11-15-17: New paper in Proceedings B showing that fungicides are the best predictor of US bumble bee declines. Yes, neonics and other insecticides were included in this analysis. Perhaps we need to think a bit more broadly about all the potential stresses that are impacting bees. Knowing the relative importance of stresses is critical for prioritizing conservation strategies… And other than Varroa, we still have a ways to go in terms of understanding the relative importance of these stresses.

11-8-17: ESA Denver is in the books. Great talks by Nelson, Kass and Laura, and a great poster by Ashley. And… Laura won the student presentation award for her talk on Crithidia transmission at flowers!

10-31-17: Happy bee parasite Halloween! Varroa, DWV, Crithidia, Ascosphaera and even a giant Praying Mantis…. Scary.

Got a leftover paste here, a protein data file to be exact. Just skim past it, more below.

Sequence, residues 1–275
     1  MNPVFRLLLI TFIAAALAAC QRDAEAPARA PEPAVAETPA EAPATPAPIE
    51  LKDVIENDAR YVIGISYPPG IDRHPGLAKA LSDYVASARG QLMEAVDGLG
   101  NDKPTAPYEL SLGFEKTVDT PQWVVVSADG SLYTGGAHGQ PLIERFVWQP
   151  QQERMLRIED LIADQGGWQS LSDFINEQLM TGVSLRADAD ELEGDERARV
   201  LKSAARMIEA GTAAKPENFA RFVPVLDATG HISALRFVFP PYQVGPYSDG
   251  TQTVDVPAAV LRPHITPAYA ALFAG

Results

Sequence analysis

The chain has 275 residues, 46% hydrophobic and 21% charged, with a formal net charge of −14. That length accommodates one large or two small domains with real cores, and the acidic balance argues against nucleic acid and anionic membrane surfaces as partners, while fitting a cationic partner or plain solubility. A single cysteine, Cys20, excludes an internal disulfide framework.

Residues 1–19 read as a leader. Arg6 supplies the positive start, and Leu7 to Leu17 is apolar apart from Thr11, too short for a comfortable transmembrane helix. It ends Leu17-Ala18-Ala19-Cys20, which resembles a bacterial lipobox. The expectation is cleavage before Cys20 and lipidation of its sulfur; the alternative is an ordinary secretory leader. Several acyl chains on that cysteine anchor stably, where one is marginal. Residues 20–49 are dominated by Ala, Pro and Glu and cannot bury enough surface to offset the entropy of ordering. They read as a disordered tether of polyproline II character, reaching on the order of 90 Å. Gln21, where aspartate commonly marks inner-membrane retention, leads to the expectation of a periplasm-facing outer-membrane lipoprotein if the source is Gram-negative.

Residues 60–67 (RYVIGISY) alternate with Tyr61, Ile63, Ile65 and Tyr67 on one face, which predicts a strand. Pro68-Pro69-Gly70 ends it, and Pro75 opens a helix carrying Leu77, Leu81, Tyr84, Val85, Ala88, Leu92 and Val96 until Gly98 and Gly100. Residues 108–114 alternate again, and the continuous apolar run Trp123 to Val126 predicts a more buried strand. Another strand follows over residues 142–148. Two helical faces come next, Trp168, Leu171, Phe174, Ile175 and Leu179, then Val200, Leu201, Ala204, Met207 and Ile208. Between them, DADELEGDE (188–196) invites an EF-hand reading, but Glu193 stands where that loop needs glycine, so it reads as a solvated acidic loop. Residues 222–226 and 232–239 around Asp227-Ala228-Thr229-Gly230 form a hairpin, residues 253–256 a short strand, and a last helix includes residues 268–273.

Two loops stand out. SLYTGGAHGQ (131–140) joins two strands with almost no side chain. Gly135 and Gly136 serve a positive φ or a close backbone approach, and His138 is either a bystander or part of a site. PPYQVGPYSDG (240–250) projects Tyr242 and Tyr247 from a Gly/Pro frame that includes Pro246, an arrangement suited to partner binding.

10-26-17: Insectapalooza is this Saturday (10/28) from 9am-3pm. We’re excited to see you!

10-16-17: Our 2016 Tech Team pesticide report is out. Thanks to Nico for quantifying pesticide residues from hundreds of wax samples and Mary Kate for taking lead on analyzing data and writing much of the report!

10-9-17: After a very fun (and exhausting!) field season, we’re back in the lab. This weekend, 53 veterinarians took part in the Honey Bee Track during the 2017 NYS Veterinary Conference. Below is a picture of us talking about AFB and EFB at the Dyce lab. After the lecture, we spent some time outside handling bees. We’re looking forward to helping vets with honey bee curriculum and continuing education in the coming years. Including honey bees in the Veterinary Feed Directive is a good thing long-term for “herd health” of bees and minimizing antibiotic resistance!

Discussing AFB and EFB at the Dyce lab during the 2017 NYS Veterinary conference.